Rumors have swirled for years, but now it’s really happening: the text-based Area Forecast (FA) will officially disappear on October 10, 2017, to be replaced by the Graphical Forecast for Aviation (GFA). On the surface, this seems like an inevitable step in the transition from coded text products to graphical, interactive weather maps. But before we relegate the FA to the dustbin of history, we should consider a few important details. This transition may not be quite so innocuous.
The FAA is right about one thing: there’s a lot to dislike about the FA. With six huge forecast areas for the US and only three updates per day, it lacks precision. It’s also difficult to read, with dozens of obscure contractions, all capital letters and significant limitations on the number of characters that can be used. It is a weather product made for the teletype era, not the internet era.
These limitations have been clear for decades, and the decision to replace it was hardly made overnight. Scott Dennstaedt, a former National Weather Service meteorologist, points out that the FA-to-GFA transition has actually been going on for close to 15 years (Canada has had a GFA for many years).
In the US, the modernization push started with AIRMETs. By eliminating forecaster lingo (like the once-popular “ICIP”), the text for AIRMETs was standardized and a new graphical AIRMET map – the G-AIRMET – was born. This product is now operational, and will be coming soon to ADS-B broadcasts and probably SiriusXM data plans too.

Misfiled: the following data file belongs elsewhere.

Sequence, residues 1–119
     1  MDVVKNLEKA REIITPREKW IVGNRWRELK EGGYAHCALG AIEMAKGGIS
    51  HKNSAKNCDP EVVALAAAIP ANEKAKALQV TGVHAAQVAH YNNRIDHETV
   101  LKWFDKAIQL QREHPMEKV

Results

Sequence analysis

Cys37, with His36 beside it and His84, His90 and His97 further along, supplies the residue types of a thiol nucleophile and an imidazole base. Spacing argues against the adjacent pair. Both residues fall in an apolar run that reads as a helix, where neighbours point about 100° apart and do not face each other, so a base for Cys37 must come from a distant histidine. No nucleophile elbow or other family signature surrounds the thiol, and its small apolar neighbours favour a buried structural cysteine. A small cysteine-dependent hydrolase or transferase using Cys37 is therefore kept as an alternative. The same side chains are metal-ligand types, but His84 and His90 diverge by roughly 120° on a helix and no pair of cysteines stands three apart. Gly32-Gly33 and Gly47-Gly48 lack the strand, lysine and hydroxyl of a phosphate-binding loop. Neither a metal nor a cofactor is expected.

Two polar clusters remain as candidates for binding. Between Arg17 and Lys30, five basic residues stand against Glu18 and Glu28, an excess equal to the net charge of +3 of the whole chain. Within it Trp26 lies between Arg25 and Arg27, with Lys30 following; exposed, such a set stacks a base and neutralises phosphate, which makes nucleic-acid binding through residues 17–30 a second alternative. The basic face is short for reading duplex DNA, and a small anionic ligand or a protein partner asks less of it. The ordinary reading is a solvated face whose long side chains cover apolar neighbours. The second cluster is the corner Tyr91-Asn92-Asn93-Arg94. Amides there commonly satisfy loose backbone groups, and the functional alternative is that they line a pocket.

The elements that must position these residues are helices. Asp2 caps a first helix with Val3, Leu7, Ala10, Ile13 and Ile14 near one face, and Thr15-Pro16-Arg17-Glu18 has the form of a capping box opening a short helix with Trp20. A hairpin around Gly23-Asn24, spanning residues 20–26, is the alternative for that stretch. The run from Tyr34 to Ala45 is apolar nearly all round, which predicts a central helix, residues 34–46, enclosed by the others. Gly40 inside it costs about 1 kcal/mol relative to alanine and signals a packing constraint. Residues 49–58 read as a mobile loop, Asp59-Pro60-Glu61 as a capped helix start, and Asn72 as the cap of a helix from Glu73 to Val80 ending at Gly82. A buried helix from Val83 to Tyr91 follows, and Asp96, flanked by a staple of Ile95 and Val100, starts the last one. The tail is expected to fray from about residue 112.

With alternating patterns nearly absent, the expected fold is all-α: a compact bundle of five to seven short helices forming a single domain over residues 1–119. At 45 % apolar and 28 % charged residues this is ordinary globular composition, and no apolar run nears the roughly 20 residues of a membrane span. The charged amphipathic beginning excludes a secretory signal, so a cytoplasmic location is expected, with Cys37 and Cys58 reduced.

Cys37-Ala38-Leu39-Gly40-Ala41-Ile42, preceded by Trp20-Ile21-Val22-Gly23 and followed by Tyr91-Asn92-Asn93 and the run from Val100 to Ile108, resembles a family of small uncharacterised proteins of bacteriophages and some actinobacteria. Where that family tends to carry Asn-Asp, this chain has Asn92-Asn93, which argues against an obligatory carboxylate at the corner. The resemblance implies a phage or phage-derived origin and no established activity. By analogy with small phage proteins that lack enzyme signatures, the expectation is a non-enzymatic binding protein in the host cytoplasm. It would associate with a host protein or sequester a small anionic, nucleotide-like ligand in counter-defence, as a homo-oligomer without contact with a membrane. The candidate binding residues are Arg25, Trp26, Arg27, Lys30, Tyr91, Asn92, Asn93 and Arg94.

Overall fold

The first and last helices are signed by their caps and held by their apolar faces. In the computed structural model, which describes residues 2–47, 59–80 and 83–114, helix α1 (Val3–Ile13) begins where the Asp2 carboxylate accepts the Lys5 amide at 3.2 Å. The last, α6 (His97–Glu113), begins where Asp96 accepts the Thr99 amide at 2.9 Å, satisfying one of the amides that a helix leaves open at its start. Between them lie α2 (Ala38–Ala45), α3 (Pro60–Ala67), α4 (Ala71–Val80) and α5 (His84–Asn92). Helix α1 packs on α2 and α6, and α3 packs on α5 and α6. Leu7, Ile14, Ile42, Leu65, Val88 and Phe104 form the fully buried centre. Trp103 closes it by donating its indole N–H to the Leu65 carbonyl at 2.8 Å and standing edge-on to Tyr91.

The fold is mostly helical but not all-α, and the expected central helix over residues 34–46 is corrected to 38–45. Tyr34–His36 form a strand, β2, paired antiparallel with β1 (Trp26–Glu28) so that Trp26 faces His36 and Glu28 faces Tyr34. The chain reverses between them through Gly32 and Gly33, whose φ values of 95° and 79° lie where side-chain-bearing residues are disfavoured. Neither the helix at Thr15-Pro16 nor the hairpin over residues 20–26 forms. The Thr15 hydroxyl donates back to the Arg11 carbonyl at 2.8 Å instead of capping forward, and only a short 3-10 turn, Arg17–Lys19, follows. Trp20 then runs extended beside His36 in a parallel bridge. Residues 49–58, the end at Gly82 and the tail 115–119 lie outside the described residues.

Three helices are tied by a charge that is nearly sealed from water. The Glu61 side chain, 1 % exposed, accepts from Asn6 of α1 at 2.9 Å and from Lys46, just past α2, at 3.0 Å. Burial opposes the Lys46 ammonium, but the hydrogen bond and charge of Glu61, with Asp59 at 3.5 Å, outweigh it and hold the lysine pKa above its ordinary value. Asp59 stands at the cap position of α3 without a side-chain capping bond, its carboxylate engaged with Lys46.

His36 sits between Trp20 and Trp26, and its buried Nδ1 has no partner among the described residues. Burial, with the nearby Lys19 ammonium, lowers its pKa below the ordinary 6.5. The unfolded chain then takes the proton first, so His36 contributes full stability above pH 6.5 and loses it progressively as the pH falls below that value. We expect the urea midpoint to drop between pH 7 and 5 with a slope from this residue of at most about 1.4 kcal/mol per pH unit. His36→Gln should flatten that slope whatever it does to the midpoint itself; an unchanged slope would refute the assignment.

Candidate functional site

It’s a major improvement for pilots in both accuracy and ease of use. The old AIRMETs were “time smeared,” trying to account for potential weather conditions over a 6 to 12-hour outlook period by averaging conditions over that time. This led to wildly pessimistic reports and earned the nickname “ScareMETs.” The modern G-AIRMET is issued for smaller areas and at 3-hour intervals – with conditions valid at that issue time instead of the entire forecast period. This practically eliminates the time smear issue and makes it far easier to interpret. You might find yourself actually looking at AIRMETs again.
The AIRMET upgrade seems like a perfect test case for the text-to-graphical transition: a confusing, dated forecast was replaced by a modern, easy-to-read chart. Copy and paste for the GFA, right?
There’s just one problem: the new GFA is not a reliable replacement for the FA yet.
While there are many nice features on the new website, the cloud tops report is a major step backwards compared to the FA. Compare this layer to a satellite image or PIREPs (or the FA) and you’ll find a huge difference. While the GFA map might show “TOP 080,” the actual cloud tops might be above 25,000 feet. That’s a major problem for a Cirrus pilot trying to escape ice, and there are no other widely available options for finding cloud top forecasts.
Why the discrepancy between the old and new forecasts? The GFA’s cloud top forecast is derived from a computer model (the Rapid Refresh or RAP), and it’s almost 100% automated. This model is fairly accurate with stratiform clouds, but it’s not good at all for deep, moist convection like you find around thunderstorms or fronts. The old FA, in contrast, had lots of human input to improve accuracy.
The FAA’s own Aviation Weather Services publication explains the problem: “NWP [numerical weather prediction] models are much more accurate forecasting winds aloft than they are forecasting cloud tops. Pilots should not expect an equally high degree of accuracy with these forecasts, especially in areas where there is a high degree of variability in the forecast cloud top heights.”